When a star goes supernova, it’s such a gargantuan process that it usually lasts for months. So when astronomers caught one lasting just a few weeks, they sat up and paid attention – and found a totally new type of supernova never observed before.
The supernova is called KSN 2015K, and it peaked in brightness and then faded completely in under a month, 10 times faster than other supernovae of similar brightness, which typically take months.
According to an international team of researchers, the most likely explanation is that it was shrouded by a cocoon of gas and dust it had already ejected – only becoming visible after the dust was blasted away by the supernova’s shockwave.
“We’ve discovered yet another way that stars die and distribute material back into space,” said researcher Brad Tucker of the Australian National University.
Events like these have been captured before. They’re called fast-evolving luminous transients, or FELTs, and they have baffled astronomers because they don’t align with traditional supernova models.
KSN 2015K was captured by the Kepler telescope in 2015, which photographed the event every 30 minutes for its entire duration – giving an unprecedented level of detail on these peculiar bursts of light.
In just 2.2 days, KSN 2015K rose to a peak brightness comparable to that of a Type Ia supernova – the explosion of a white dwarf in a binary system. Within a week, it had dropped to half that brightness, and faded completely in just 25 days.
The team found that the light curve matched that of a supernova after the star had exploded – without the expected build-up. But if a cocoon of shed material had hidden the star from view, that would explain how the supernova seemed to happen so quickly.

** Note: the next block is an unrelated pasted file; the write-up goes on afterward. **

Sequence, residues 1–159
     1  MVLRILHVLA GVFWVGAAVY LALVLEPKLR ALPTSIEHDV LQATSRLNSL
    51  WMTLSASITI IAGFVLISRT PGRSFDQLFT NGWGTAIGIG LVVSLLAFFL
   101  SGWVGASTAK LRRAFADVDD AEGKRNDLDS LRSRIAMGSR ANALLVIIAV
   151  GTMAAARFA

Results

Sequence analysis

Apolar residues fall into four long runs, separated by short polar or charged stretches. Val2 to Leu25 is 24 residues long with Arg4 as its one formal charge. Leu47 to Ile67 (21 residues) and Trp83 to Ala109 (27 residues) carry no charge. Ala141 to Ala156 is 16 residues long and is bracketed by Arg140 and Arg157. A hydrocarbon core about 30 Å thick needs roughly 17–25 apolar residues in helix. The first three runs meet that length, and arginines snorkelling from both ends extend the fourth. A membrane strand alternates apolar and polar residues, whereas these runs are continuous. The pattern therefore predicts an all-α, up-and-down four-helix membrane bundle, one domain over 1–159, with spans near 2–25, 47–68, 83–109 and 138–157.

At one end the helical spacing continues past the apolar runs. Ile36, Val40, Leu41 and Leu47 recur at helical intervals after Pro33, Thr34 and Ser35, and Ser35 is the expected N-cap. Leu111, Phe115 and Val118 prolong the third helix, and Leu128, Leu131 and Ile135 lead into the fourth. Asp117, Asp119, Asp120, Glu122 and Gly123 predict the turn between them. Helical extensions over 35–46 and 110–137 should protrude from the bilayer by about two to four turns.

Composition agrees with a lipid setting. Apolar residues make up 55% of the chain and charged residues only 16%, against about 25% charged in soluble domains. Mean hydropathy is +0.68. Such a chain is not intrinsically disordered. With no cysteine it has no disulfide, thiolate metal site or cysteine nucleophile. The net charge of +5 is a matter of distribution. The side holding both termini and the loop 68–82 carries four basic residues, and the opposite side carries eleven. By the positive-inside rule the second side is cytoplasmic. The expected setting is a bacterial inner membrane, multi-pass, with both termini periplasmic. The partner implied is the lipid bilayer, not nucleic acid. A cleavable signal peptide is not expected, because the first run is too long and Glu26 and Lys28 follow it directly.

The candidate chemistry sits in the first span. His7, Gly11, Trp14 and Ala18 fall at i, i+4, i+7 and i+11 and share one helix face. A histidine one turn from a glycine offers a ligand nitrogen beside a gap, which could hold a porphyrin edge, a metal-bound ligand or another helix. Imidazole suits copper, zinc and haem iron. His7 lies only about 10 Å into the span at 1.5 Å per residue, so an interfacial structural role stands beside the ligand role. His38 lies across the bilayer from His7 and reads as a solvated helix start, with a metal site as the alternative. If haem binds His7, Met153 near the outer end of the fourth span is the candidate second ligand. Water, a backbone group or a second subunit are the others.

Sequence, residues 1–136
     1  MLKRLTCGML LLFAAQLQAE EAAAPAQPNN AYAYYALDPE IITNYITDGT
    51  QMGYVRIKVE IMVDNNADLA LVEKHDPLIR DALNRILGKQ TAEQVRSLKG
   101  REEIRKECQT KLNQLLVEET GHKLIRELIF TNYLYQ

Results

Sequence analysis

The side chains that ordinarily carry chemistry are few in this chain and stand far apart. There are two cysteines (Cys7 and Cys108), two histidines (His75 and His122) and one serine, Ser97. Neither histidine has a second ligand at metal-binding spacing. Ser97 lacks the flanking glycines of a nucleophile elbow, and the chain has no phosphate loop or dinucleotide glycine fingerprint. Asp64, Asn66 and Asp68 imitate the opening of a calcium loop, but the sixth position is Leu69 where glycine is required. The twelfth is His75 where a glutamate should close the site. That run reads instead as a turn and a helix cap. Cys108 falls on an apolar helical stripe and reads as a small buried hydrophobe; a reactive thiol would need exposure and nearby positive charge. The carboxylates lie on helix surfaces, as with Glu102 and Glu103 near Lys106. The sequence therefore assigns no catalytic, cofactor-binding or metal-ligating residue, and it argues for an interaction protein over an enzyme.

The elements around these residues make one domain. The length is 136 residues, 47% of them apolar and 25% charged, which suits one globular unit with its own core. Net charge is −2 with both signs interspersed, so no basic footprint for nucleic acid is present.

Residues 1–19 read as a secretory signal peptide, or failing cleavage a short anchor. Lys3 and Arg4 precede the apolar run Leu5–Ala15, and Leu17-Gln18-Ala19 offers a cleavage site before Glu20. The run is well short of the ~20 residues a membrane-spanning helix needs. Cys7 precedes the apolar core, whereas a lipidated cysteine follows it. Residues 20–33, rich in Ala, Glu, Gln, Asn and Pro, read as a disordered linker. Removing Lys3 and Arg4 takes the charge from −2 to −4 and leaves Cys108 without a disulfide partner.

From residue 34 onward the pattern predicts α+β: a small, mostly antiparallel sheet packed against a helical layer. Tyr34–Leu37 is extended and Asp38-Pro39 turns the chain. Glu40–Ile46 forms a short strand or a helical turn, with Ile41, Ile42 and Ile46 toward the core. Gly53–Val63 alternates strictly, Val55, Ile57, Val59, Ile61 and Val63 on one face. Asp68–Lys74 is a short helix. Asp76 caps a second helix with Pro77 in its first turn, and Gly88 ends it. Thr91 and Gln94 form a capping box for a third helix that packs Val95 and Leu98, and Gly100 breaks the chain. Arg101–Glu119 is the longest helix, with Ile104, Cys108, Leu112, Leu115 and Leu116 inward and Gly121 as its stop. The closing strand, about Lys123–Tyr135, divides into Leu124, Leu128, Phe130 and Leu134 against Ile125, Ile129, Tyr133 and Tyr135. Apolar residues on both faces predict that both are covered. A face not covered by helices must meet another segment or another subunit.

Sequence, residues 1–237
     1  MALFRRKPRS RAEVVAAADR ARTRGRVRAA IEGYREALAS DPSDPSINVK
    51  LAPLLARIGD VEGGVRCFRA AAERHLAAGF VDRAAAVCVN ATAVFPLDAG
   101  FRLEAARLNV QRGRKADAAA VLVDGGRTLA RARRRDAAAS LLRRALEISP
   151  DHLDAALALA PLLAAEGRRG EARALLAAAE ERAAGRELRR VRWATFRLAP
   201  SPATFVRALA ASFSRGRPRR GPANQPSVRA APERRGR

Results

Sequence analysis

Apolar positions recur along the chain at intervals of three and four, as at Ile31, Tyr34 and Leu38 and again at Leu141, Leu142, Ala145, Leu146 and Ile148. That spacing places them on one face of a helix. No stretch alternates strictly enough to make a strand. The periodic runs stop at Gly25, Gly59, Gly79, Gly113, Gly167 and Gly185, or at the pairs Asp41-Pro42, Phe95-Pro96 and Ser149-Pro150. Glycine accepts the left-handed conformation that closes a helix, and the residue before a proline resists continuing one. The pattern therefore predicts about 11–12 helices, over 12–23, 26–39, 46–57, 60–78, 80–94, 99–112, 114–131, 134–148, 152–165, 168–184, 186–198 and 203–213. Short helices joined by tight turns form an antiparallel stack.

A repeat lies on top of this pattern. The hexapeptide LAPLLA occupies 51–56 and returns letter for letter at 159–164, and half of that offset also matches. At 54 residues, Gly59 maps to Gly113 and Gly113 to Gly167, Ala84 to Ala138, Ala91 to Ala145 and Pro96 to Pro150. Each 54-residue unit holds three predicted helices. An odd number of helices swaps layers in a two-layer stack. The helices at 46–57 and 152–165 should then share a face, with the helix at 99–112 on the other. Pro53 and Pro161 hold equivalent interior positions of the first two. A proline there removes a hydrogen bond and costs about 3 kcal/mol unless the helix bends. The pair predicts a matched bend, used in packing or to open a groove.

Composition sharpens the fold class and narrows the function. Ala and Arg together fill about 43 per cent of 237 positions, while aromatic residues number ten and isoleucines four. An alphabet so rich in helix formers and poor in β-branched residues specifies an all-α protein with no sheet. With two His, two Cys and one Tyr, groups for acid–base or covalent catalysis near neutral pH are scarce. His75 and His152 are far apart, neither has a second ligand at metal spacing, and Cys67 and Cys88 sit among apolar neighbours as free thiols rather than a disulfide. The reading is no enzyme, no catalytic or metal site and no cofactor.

As stars die, they can shed much of their mass in the form of gas and dust into the space around them. Usually, this is lit from within by the star, but if it was dense enough, theoretically it could hide the star’s light.
Of course, that then raises the question: what could create such a dense cocoon of material around an unstable star such a short time before its death?
There are several possible culprits, but Type Ia supernovae usually produce an incredible amount of radioactive nickel. Very little nickel was observed in the case of KSN 2015K, as evidenced by how quickly it faded.
The most likely explanation, then, is what is known as an asymptotic giant branch star – a low-to-intermediate-mass red giant gaining in brightness as it dies. If KSN 2015K was on the higher mass end of this type of star, with a very slow, dusty wind blowing around it, this could have created the cocoon. However, red giant supernovae aren’t as bright as white dwarf supernovae.
When the core of the star collapsed, the enormous amount of kinetic energy produced by the blast would have converted into light when it slammed into the cocoon, accounting for the extremely bright peak in the light curve.
More observations will help verify this hypothesis – and upcoming telescopes, such as NASA’s TESS, will be able to examine FELTs in greater detail and help learn more about their progenitor stars.
“This work also has another legacy,” wrote astrophysicist JJ Eldridge of the University of Auckland in an accompanying editorial.
“It shows that ultra-high cadence observations of the sky will be a rich area for future discoveries. For thousands of years we thought that the sky was unchanging. Then the observations of Galactic supernovae detailed in historical records around the world showed us that the sky was changing on human timescales.
“Now these observations of KSN 2015K have shown that the death throes of stars can be even more rapid than we thought.”
The research has been published in Nature Astronomy.